5 Summer Veggies You Should Be Eating
Spring and summer are indubitably the best seasons for healthy, colorful, delicious produce.
 
Sadly, few of us take full advantage of the incredible diversity of in-season produce: less than 10% of Americans consume the minimum recommendation for vegetable consumption each day, while only 12% meet the minimum recommendation for fruit.
 
For those of us who do our due diligence in fruit and veggie consumption, we tend to stick to the same old basics, consuming the same fruits and veggies year-round, with little to no seasonal variation.
 
Sheer boredom aside, this practice is hard on the environment and nutritionally limiting. Consuming foods that are in season tends to be cheaper and more environmentally friendly.
 
Rotating your produce consumption also ensures that you’ll be consuming a more diverse array of nutrients, enhancing immunity and reducing inflammation.
 
Just in time for summer, we’ve got the details on five in-season picks to sink your teeth into before the season’s up!
 
  1. Tomatoes
 
Tomatoes are arguably the most popular summer vegetables. Available in over 10,000 varieties (yes, really), with sizes ranging from tiny grape tomatoes to large beefsteak and heirloom varieties, tomatoes always test better off the vine, harvested in peak season.
 
One cup of fresh tomatoes contains 30 calories, 6% of the daily recommendation for dietary fiber, 30% of the daily value for Vitamin A, and a whopping 40% of the daily value for Vitamin C.
 
  1. Green Beans
 
If frozen or canned green beans have you turning up your nose, stop! Fresh green beans are a far cry from the sad, mushy canned green beans or rubbery frozen picks that scream “school cafeteria”. Fresh green beans are great in fresh salads (try them in a Nicoise!) or steamed as a side for grilled meats.
 
One cup of cooked green beans contains 40 calories and 13% of the daily recommendation for dietary fiber. Green beans are also a great source of micronutrients, containing 22% and 16% of the daily value for Vitamin K and Vitamin C, respectively.
 
  1. Cucumbers
 
Cucumbers grow prolifically in the summer, providing a large yield great for slicing atop salads or eating as fresh, hydrating snacks.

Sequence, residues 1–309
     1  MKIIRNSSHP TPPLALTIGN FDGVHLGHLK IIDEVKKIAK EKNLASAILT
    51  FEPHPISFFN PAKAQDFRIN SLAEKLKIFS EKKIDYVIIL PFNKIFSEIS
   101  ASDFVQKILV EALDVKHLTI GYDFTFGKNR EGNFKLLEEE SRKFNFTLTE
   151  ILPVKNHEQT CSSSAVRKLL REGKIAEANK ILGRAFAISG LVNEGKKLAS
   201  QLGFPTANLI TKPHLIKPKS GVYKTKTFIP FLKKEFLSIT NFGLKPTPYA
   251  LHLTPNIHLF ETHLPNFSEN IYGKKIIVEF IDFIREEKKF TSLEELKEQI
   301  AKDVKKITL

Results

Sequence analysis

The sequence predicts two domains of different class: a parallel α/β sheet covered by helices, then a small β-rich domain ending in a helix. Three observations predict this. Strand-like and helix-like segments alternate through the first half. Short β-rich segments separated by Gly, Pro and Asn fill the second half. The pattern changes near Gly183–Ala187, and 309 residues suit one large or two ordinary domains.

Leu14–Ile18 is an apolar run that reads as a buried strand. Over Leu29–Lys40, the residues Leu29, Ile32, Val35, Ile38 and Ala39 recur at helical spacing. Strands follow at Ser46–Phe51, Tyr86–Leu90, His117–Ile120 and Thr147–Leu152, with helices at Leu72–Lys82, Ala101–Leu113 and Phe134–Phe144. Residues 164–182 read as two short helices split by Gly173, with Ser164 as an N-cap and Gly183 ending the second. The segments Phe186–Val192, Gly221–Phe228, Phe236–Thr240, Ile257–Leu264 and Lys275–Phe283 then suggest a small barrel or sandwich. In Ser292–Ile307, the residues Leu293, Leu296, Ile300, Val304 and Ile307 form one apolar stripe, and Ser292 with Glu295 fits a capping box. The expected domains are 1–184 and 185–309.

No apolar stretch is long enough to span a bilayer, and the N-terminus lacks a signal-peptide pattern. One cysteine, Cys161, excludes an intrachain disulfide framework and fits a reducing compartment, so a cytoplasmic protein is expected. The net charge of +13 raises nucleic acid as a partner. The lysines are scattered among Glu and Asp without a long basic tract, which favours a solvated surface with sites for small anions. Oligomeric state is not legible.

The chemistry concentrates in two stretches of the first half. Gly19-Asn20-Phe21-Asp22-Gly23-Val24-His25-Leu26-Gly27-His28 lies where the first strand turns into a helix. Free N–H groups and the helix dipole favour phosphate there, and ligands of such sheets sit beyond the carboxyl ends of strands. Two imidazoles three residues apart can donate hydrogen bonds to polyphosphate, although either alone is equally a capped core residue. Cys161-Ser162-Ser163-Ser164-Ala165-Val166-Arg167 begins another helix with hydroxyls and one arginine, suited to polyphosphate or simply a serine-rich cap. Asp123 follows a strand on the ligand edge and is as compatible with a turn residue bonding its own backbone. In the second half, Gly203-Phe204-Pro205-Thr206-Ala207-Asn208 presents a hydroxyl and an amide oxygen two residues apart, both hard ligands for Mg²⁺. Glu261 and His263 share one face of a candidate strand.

One cup of this summer favorite contains just 16 calories and 4% of the daily recommendation for dietary fiber.
 
  1. Salad Greens
 
If you’re still buying bagged iceberg from the refrigerated case in the grocery department, stop! Summer greens are incredibly flavorful and diverse, with an astounding variety of flavors, textures, and nutritional profiles.
 
Remember that nutritional diversity is important, so try new lettuces, mixing and matching your favorites to create eye and palate-pleasing textures and flavors. While nutritional content varies depending on specific variety, all salad greens are low in calories and a good source of micronutrients and fiber.
 
1 cup of fresh romaine lettuce, for example, contains 10 calories, 4% of the daily recommendation for fiber, and 82% of the daily value for Vitamin A.
 
  1. Zucchini
 
News flash: Zucchini? Healthy! Zucchini bread? Not healthy!
 
This seasonal staple is great for far more than just sugary quick breads! Put this prolific grower to use in spiralized zucchini noodles as a pasta alternative, or toss it on the grill for a stellar side.
 
One cup of fresh zucchini contains 20 calories and 6% of the daily recommendation for dietary fiber, and 30% of the daily value for Vitamin C.
 
Now you know which veggies to aim for the next time you’re at a salad bar during this hot summer season. Just remember to mix it up every once in a while and always, always drink lots of water!